Marks & Kattens Higgin's, 45% cotton 45% acrylic 10% viscose
90 meters/skein, color #1442 (6 skeins), color #1340 (3 skeins)
Cotton... I'm loving cotton. Green is not really my shade (sometimes it makes my skin look yellow), but I'm thinking this might be enough for a summery little tank or something. Especially if I stripe it with the white. Or it can be gifted to one of my friends who can actually wear green.


Classic Elite Studio, 70% viscose 30% linen, 1 skein
108 yards, color #5816
I love the way this stuff feels and looks. Jennifer is making a shell out of it and it looks lovely knit up. I don't know what to do with one skein, but it's a good way to try out a new yarn.


Bertagna Filati fashion stile, 50% merino 50% acrylic, 1 skein
84 meters, color #2892
This stuff is cool... it's three dimensional, blue with yellow and red strands running through it, not twisted with it... it doesn't knit up as exciting as it looks in the skein though. Not sure what to use it for, but it was only $1.00.


Mystery Skein, 100% wool, 1 skein
Yeah... I lost the tag for this already. I feel dumb...

And, the crowning glory purchase:


Filatura De Crosa Luxury, 100% silk, 8 skeins
160 yards/skein, color #25

I LOVE THIS YARN. It's beautiful, the perfect color, the perfect texture. It knits up like a dream, so shiny, smooth and with beautiful drape. It was not cheap, but at 50% off, it was significantly cheaper than it should have been and the only time silk has ever been in my price range. I'm using this to make the Cami from Last Minute Knitted gifts. It's mine, ALL MINE!

And lastly, on my final afternoon in Memphis, Jennifer and I had some time to kill. So we went shopping for fabric and I made this while watching the last episodes of season 4 of the Gilmore Girls:


I should note here that I used to work in the costume shop in college. Sewing is really my first 'craft.' As a kid, I was a big handsewer, and to this day I prefer hand sewing to machine sewing (this skirt was most definitely made by machine!). I also don't use patterns -- this skirt was of my own concoction, kind of created as I went along. Add to that the bonus challenge of not having a tape measure... it was a lot of fun. I've been wanting to join the "Sew? I Knit" sew-along, but felt guilty. Because really, it's more like "Knit? I sew!" for me...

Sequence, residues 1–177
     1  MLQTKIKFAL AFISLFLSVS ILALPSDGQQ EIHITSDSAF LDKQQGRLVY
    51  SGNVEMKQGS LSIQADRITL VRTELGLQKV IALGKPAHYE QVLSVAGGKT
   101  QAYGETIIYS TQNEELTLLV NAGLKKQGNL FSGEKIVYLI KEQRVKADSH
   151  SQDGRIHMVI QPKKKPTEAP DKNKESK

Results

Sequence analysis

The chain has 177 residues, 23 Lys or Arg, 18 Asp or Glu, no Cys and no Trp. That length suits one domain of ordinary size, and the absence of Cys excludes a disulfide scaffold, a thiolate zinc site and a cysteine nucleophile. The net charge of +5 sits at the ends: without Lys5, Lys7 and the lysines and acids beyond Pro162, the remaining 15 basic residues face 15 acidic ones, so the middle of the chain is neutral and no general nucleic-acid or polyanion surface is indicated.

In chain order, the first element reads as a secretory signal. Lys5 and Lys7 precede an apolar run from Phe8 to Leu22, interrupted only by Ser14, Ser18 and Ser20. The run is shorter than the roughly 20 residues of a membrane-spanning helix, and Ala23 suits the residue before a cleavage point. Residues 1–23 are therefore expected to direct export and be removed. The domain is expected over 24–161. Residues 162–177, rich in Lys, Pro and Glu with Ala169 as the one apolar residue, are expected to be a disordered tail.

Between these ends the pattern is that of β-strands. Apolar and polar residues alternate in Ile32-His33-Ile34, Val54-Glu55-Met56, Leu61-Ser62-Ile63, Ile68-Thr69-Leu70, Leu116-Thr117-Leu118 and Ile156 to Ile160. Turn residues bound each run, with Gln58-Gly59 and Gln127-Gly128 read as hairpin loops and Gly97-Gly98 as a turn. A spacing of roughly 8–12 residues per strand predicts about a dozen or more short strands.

P.S. It took so long to load these pictures, I now have more to say. I finshed the Hourglass Sweater last night. It needs a steam blocking and then I'm sticking it in the mail tomorrow. It's a surprise for my friend Melissa, who is a hard working lawyer in NYC. Hopefully this will make her smile. Pictures to come tomorrow.

home again, home again, jiggity jig!

And I'm back... well, i've been back for a few days now, but haven't had the energy to post. I was supposed to drive back on Tuesday, but was having such a good time over there in Memphis that I delayed my trip for two more days (my excuse? it seemed like a shame to drive on Mardi Gras). I did almost everything i wanted to while in Memphis. I saw the Mississippi. I went to Arkansas (well, West Memphis Arkansas, which is hardly Arkansas at all, but at least I passed under the state sign!). I went to a 'real' juke joint (the Blue Worm) and a 'fake' juke joint (the B.B. King Blues Club on Beale Street). I drank whiskey in a bar and coffee in multiple coffee shops. I went to Al Green's church on Sunday. I went to Graceland. I even got to do some of the things I like best, whether in Memphis or not - like hang out all afternoon on the couch with Jennifer, knitting and watching the Gilmore Girls. I ate. I ate A LOT. and.... i seriously broke my pledge not to buy more than a skein or two of yarn. in my own defense, everything I bought was on sale. But I bought a lot of yarn. Pictures will come later today, now that the sun is out and my camera battery is almost recharged. But... I have lots of new projects in the works and lots of one-skein 'test yarns' that are screaming for good (useful!) one-skein projects.

Anyway... it's good to be back home. I'm slowly catching up on everyone else's knitting -- amazing Olympic projects! I miss the Memphis weather, though. It was 70 when I left Memphis. My first day back in the mountains the high was 34. sigh... I know the coolness will pay off when summer rolls around, but I'm ready for spring.

More photos later today!